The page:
That's Huawei we roll: Firm claims it's slinging 100k of its pricey, China-exclusive Mate X foldable phones each month
In other words... A long time ago we left the Galaxy far, far away...
The success of the Huawei Mate X has always been in doubt. But, improbably, sales have actually been fairly decent, with the Chinese tech giant claiming to be flogging 100,000 each month (in Chinese). That’s not too bad, considering the unfortunate geopolitical circumstances Huawei finds itself in.
Announced at MWC 2019, the Huawei Mate X was one of the first foldable phones to hit the market. It was also a victim of bad timing, with its release foreshadowed by the Trump Administration placing Huawei on an entity list in May 2019 — thereby preventing American companies from doing business with it.
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This has forced Huawei to limit sales of the device to the Chinese market, where it remains the largest handset brand. The entry-level Mate X model retails at roughly $2,500 — or nearly eight times the monthly minimum wage in Shenzhen, where the company is headquartered.
The Mate X was finally released on November 15 last year, following multiple delays to solve out quality control issues. From that, we can extrapolate Huawei has managed to flog circa 200,000 Mate X phones.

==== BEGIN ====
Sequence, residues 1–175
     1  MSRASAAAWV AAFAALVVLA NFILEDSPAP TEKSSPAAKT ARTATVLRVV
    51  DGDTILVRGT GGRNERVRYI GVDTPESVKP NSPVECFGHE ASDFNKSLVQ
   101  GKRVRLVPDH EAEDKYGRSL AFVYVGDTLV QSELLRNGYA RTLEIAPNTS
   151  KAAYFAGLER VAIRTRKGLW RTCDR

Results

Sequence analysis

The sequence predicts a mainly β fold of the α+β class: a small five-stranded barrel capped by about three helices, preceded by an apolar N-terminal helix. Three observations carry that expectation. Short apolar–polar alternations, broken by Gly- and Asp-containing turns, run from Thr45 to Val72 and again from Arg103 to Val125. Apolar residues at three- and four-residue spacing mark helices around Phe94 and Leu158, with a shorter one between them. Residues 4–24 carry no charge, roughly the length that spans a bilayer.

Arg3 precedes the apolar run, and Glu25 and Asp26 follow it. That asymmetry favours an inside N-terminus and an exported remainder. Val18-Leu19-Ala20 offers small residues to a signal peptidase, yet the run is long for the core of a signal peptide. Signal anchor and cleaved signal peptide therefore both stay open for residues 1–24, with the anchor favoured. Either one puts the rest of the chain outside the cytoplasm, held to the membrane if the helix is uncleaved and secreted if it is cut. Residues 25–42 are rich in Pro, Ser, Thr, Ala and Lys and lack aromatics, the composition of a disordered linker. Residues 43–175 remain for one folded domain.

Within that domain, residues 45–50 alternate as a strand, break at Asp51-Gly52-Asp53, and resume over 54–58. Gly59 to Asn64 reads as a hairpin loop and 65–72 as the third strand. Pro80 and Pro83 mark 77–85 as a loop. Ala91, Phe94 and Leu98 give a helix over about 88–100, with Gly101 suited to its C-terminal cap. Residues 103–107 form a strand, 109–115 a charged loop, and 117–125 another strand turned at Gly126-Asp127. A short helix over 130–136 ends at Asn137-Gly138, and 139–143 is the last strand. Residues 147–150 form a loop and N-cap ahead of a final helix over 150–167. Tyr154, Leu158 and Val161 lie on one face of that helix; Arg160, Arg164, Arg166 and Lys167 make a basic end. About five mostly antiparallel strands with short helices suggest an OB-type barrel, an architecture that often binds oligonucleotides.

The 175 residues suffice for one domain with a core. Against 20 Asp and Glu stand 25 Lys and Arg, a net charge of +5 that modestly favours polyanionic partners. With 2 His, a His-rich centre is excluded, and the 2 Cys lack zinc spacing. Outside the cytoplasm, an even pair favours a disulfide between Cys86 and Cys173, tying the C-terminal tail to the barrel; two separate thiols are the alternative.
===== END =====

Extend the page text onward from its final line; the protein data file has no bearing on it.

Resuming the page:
Huawei’s figures — even though a drop in the water when compared to the broader smartphone industry — contrast favourably with those of Samsung, which has its own model in the form of the Galaxy Fold.
Speaking to Korea’s Yonhap News Agency last week, Samsung Co-CEO DJ Koh said the firm had shifted “400,000 to 500,000” Galaxy Fold units since the redesigned phone became available on September 6, 2019.
That figure drastically contradicts fellow Samsung exec Young Sohn's boasts at a tech event in December, where he claimed it had sold one million units. A Samsung rep later explained to the Yonhap news agency that Sohn may have confused sales figures with sales targets.
The Galaxy Fold was also announced around the same time last year as the Mate – at MWC – although its release was delayed to September in order to improve durability.
The firm was ashen-faced when reviewers — including popular YouTuber Marques Brownlee — managed to irreparably break their pricey review units by removing what they thought was a screen protector, but was rather an integral part of the display.
It is unclear if Huawei will be able to repeat the (relative) success of the Mate X. Both Huawei and Samsung are expected to announce successors to their existing units next month, at 2020's Mobile World Congress trade show in Barcelona.
This time will be different, however. Foldable tech is still extremely niche, but the excitement factor has worn off slightly. Huawei will also have to compete with a raft of cheaper handsets from rivals including TCL, Motorola, and… er… Pablo Escobar’s brother. ®